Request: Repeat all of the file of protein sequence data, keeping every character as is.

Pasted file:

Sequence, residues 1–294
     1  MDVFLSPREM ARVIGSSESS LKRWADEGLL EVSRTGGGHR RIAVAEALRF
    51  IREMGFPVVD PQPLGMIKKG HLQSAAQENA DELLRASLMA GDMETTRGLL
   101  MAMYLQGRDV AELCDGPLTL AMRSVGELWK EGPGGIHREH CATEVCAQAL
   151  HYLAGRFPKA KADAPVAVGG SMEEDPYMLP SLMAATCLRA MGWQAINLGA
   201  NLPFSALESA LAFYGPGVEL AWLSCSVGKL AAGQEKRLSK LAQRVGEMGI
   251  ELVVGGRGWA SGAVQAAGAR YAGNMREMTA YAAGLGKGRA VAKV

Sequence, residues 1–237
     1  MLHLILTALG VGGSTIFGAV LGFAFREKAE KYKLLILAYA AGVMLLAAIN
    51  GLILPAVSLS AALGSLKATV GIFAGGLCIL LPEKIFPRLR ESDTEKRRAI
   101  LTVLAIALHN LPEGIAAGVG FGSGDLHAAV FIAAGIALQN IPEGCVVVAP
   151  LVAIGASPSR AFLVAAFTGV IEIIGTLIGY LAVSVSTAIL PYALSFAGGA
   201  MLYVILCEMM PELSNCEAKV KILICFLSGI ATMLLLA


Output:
Sequence, residues 1–294
     1  MDVFLSPREM ARVIGSSESS LKRWADEGLL EVSRTGGGHR RIAVAEALRF
    51  IREMGFPVVD PQPLGMIKKG HLQSAAQENA DELLRASLMA GDMETTRGLL
   101  MAMYLQGRDV AELCDGPLTL AMRSVGELWK EGPGGIHREH CATEVCAQAL
   151  HYLAGRFPKA KADAPVAVGG SMEEDPYMLP SLMAATCLRA MGWQAINLGA
   201  NLPFSALESA LAFYGPGVEL AWLSCSVGKL AAGQEKRLSK LAQRVGEMGI
   251  ELVVGGRGWA SGAVQAAGAR YAGNMREMTA YAAGLGKGRA VAKV

Sequence, residues 1–237
     1  MLHLILTALG VGGSTIFGAV LGFAFREKAE KYKLLILAYA AGVMLLAAIN
    51  GLILPAVSLS AALGSLKATV GIFAGGLCIL LPEKIFPRLR ESDTEKRRAI
   101  LTVLAIALHN LPEGIAAGVG FGSGDLHAAV FIAAGIALQN IPEGCVVVAP
   151  LVAIGASPSR AFLVAAFTGV IEIIGTLIGY LAVSVSTAIL PYALSFAGGA
   201  MLYVILCEMM PELSNCEAKV KILICFLSGI ATMLLLA